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Craigavon animal cruelty case reinforces need for all-island register

A sickening animal cruelty case involving two Craigavon siblings reinforces the need for an all-island register, according to SDLP Upper Bann candidate Dolores Kelly.

The brother and sister whose dogs were drastically underweight and lived in urine and faeces filled conditions were handed probation and community service orders yesterday (Tuesday).

Sentencing 30-year-old Mark Henry and his sister Hannah (age unknown) at Craigavon Magistrates Court, Deputy District Judge Gerard Trainor said what he had heard was “a litany of the most horrible acts a human being can carry out towards animals.”

The pair were also barred from keeping animals for ten years and ordered them to pay £130 court costs each.

Speaking after sentencing, SDLP Upper Bann Assembly candidate Dolores Kelly said it was disappointing that more progress has not been made on the All-Island Animal Cruelty Register during the previous Assembly mandate.

Upper Bann Assembly candidate Mrs Kelly said: “The unfortunate reality is that there are cases of animal cruelty every day in the north, whether reported or not. Animals are regularly subjected to horrendous ordeals and the failure to create an All-Island Animal Cruelty Register is hampering our ability to stop abusers and keep animals safe.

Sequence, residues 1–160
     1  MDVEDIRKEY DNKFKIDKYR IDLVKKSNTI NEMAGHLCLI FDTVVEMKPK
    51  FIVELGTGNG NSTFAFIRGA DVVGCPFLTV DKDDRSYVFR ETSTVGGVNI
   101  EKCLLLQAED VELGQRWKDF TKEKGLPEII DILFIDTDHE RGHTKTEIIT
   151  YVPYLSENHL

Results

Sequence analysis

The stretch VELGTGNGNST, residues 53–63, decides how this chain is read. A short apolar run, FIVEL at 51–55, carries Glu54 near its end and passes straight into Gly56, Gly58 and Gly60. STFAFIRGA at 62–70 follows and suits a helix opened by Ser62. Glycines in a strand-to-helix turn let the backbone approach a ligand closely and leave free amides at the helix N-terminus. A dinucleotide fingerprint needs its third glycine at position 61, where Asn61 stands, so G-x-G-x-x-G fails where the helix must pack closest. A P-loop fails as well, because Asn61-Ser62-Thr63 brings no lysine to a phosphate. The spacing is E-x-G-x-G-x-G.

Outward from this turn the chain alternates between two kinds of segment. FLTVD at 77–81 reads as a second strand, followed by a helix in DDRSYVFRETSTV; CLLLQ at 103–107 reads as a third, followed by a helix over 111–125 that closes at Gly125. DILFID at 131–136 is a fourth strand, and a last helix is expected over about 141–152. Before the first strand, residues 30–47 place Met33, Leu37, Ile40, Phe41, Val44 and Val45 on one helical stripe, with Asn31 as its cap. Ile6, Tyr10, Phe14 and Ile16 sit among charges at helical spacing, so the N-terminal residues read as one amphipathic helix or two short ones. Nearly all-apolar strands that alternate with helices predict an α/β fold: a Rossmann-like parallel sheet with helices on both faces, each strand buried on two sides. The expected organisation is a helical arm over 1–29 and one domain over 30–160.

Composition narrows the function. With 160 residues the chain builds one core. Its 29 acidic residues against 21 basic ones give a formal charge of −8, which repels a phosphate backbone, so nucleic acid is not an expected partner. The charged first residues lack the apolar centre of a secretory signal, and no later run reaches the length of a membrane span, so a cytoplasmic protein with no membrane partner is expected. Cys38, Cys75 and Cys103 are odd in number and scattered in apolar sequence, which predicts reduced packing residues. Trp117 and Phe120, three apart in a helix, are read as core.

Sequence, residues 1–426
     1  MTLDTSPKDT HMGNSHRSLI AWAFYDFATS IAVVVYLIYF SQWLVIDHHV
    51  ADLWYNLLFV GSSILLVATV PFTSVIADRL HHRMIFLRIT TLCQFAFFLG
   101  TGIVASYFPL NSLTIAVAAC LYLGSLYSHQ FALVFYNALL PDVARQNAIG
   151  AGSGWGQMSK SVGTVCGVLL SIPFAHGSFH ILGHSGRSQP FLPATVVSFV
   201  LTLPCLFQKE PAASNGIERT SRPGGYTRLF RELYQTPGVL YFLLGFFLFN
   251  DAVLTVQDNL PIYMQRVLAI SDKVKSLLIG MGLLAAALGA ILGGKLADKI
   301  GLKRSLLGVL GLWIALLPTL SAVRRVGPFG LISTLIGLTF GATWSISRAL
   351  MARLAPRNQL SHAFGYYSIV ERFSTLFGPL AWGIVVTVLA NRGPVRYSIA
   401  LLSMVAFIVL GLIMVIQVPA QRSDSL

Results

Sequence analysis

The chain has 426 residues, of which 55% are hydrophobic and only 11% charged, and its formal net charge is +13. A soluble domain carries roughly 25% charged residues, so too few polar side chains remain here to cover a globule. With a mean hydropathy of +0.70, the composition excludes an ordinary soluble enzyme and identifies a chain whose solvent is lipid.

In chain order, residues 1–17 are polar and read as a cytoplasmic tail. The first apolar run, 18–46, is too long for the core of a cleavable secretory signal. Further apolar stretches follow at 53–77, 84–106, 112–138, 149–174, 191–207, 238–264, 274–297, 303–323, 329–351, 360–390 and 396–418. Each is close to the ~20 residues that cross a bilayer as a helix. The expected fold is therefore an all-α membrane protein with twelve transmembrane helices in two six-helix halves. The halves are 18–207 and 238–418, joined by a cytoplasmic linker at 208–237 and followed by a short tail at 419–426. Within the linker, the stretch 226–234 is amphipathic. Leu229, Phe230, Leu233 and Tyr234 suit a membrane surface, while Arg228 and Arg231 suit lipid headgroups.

“During the last Assembly mandate I worked with UPSCA to bring forward plans for a register and was overwhelmed by the support we received from the public and right across the political spectrum. Despite indications that Justice Minister Naomi Long and DAERA Minister Edwin Poots were supportive of the plans we disappointingly reached the end of the Assembly term with no further progress.

She continued: “This register has the potential to transform animal welfare right across our island. It would work to combat the breach of bans on owning or keeping animals and prevent people with convictions from getting a license to breed or sell animals.

“It would also prevent people with relevant convictions working in animal care. It would stop convicted abusers in the north going south to buy animals and vice-versa, with the current system easily exploitable by those who wish to cause animals harm.

“If elected I will make progressing this all-island register one of my priorities. We have had too many warm words on this issue and not enough action.

“As an animal lover I believe it is our duty to do everything in our power to keep animals safe and cases like the one before the courts shows there can be no more dragging of feet when it comes to this important issue.”

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